August 8, 2022
“Friday’s stronger than expected US non-farm payrolls, 528,000 in July against expectations of 250,000 added to the case for more Fed monetary tightening. Trades are looking to inflation numbers due this week for indications on the policy path.”
Sam Cornford, Partner – Head of Trading
The US Senate has passed Joe Biden’s flagship economic package after a marathon overnight voting session that handed the president a major political victory just months before the midterm elections. The climate, tax, and healthcare bill, known as the Inflation Reduction Act, passed by a margin of 51 to 50, with voting split along party lines and vice-president Kamala Harris casting the deciding vote in an evenly divided Senate. The bill still needs to pass the House of Representatives and be signed by the president before it becomes law, but its passage by the Senate marks the biggest in a string of recent wins for Biden as he aims to defend slim majorities in both chambers of Congress in November.
Liz Truss, the Tory leadership favourite, is under pressure to promise more help for poor households facing a crushing cost of living crisis this autumn, after expressing her preference for tax cuts over “handouts.” Both Truss, foreign secretary, and her rival Rishi Sunak, the former chancellor, have been urged to explain how they would help households through the worst income squeeze in over 60 years and a “financial time-bomb” that is primed to detonate in the autumn. But Truss, the frontrunner to be Britain’s next prime minister, is under most pressure after telling the Financial Times last week that she would “look at what more can be done” but adding: “The way I would do things is in a Conservative way of lowering the tax burden, not giving out handouts.”
Sterling is well bid against most major currencies overnight. Government plans to axe up to 91,000 civil servants over three years will require deep cuts to public services and cost at least £1bn in redundancy payments, according to a Whitehall review. British financial regulators have failed to tackle risks outside traditional banking and should now develop a comprehensive UK policy instead of waiting for an international agreement, according to a former Bank of England deputy governor. The UK government is to review a £4.2bn foreign takeover of a key part of the country’s gas infrastructure amid increased concerns about energy security. Debt repayments, staff shortages and rising energy bills have pushed almost two-thirds of the UK’s top 100 restaurants into the red.
Euro is stronger against the dollar and weaker against euro this morning. Hungary hopes to strike a deal with Brussels on blocked EU funds by the end of the year, as it races against the clock to unlock billions that have been frozen over concerns about state-captured institutions and corruption. One of President Vladimir Putin’s closest allies said Russia would achieve its aims in the conflict in Ukraine on its own terms, warning that the West had a long-term plan to destroy Russia. State and federal Lawmakers in Germany are exploring a sweeping set of measures to save energy, from turning off street lights to lowering building temperatures; and they are pleading with the public to cut consumption at home.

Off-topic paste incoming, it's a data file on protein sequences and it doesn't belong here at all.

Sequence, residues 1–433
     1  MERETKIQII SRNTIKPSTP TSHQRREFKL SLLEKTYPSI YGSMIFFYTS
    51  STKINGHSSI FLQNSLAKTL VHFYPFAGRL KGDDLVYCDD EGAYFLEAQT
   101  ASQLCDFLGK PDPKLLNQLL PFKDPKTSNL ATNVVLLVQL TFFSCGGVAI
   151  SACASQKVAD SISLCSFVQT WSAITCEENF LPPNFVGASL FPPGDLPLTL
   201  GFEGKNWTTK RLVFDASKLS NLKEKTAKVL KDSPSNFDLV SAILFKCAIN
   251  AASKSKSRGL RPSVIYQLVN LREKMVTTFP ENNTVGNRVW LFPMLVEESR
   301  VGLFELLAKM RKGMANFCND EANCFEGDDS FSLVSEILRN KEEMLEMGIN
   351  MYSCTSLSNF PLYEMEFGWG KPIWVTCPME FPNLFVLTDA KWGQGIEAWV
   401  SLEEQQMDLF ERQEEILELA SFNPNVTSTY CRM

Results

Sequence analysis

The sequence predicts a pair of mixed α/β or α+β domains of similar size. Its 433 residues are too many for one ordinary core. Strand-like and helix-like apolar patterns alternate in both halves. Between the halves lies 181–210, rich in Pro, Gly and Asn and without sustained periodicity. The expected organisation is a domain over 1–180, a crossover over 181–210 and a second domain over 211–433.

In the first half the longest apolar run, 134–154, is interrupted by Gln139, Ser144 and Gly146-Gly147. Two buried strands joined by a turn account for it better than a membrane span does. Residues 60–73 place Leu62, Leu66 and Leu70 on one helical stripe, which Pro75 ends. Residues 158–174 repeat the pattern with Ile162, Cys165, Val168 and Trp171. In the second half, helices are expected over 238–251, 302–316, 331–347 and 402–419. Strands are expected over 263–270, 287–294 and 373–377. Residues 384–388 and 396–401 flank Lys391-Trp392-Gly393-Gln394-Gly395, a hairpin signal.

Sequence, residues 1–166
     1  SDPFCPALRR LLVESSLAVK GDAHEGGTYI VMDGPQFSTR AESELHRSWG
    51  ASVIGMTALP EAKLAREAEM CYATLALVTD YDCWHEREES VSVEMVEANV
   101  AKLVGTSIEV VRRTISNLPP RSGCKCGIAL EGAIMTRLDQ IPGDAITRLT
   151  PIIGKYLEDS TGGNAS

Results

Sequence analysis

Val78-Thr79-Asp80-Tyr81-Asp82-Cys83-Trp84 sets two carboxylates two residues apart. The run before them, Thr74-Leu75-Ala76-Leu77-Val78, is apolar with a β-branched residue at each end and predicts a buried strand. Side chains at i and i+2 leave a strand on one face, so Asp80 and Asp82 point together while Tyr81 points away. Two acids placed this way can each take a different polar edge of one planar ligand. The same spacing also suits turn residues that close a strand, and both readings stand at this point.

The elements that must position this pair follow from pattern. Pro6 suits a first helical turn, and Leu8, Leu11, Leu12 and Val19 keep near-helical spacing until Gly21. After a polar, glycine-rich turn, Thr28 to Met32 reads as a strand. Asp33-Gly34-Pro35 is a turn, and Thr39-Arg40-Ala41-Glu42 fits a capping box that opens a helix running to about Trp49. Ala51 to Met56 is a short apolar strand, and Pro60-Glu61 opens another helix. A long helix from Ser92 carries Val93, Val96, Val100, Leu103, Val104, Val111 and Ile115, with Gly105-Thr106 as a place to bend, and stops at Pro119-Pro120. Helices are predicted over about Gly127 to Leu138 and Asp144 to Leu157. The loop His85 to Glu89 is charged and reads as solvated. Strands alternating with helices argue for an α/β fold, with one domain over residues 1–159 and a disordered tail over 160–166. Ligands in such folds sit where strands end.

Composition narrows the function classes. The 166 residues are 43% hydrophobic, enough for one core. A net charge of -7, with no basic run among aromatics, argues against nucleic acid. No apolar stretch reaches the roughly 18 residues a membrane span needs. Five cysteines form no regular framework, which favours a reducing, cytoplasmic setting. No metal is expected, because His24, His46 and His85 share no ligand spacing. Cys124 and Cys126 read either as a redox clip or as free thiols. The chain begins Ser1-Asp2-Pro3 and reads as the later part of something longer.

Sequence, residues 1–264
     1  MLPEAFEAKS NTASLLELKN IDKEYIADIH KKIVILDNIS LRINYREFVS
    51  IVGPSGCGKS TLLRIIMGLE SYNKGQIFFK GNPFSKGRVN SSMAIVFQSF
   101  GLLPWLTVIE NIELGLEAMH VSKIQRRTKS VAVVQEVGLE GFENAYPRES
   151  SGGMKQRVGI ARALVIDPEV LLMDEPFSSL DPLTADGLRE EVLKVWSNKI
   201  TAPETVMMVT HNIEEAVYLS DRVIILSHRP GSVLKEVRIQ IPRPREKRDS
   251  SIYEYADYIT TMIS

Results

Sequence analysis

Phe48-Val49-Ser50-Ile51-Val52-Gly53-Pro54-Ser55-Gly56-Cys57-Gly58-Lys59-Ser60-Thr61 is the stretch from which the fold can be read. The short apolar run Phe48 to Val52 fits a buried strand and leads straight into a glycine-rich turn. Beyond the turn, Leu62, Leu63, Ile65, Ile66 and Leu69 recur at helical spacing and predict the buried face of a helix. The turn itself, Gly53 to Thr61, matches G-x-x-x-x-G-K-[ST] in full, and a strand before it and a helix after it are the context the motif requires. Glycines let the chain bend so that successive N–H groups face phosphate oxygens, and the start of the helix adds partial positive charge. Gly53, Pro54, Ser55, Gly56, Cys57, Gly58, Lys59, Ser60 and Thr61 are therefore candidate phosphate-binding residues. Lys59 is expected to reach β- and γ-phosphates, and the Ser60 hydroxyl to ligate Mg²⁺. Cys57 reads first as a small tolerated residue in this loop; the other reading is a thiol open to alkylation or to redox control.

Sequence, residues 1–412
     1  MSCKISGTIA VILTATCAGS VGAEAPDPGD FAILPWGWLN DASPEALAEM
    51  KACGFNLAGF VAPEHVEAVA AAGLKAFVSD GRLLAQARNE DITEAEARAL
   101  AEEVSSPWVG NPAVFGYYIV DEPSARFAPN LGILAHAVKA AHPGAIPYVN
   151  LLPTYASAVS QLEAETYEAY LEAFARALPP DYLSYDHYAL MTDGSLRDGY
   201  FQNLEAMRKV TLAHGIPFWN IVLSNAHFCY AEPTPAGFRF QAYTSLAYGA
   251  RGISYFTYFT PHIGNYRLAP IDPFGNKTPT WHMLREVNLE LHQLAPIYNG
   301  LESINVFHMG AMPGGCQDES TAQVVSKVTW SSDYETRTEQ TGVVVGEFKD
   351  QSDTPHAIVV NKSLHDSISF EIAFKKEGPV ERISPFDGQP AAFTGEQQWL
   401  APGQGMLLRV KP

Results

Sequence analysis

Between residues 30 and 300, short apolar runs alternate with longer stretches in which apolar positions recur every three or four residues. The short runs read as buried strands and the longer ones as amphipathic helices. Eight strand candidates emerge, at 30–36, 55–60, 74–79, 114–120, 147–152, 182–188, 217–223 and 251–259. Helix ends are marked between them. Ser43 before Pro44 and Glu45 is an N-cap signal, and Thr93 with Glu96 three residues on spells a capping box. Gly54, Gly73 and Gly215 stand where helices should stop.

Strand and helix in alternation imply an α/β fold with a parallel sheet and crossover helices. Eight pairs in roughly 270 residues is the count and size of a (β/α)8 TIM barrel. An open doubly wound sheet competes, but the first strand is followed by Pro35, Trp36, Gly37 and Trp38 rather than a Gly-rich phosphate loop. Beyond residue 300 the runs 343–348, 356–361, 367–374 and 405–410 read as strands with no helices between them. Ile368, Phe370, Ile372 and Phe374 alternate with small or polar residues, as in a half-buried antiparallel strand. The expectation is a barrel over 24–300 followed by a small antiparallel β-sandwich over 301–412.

The dollar is weaker than most major currencies in the early morning trade. US fuel retailers are fighting the inclusion of a tax credit for sustainable aviation fuel in Democrats’ $430 billion spending bill, arguing SAF is more carbon intense and less efficient than renewable diesel. America’s largest oil and gas producers are keeping a lid on supply, defying calls from the Biden administration to lift output even as soaring fuel prices driven by Russia’s war in Ukraine deliver bumper profits. The Federal Reserve will face more urgency in its fight to cool down the US economy with steep interest rate increases after the latest batch of labour market data showed an unexpected acceleration in jobs gains and strong wage growth.
European stocks gained this morning and US equity futures climbed as investors assessed prospects of aggressive Federal Reserve interest-rate hikes against a reassuring earnings season. S&P 500 and Nasdaq 100 contracts both rose more than 0.3% after global shares completed a third straight advance last week in a rebound from bear-market lows, helped by resilient company profits. Technology and energy sectors led the advance in Europe’s Stoxx 600 benchmark. Strong US jobs data Friday added to the case for more Fed monetary tightening. That’s pushed up Treasury yields and the dollar. Crude oil climbed above $90 a barrel. Gold struggled to make much progress.
Main Economic Data/Central Banks/Government (All Times CET)
7:45 a.m.: Switzerland July unemployment rate
8:00 a.m.: Norway June industrial production
9:00 a.m.: Czech Republic June industrial output
9:00 a.m.: Hungary June trade balance
10:30 a.m.: Euro area August Sentix investor confidence
11:00 a.m.: Greece July CPI
Nuclear deal talks with Iran expected to continue in Vienna
Earnings include SoftBank, BioNTech, Porsche, Siemens Energy, Tyson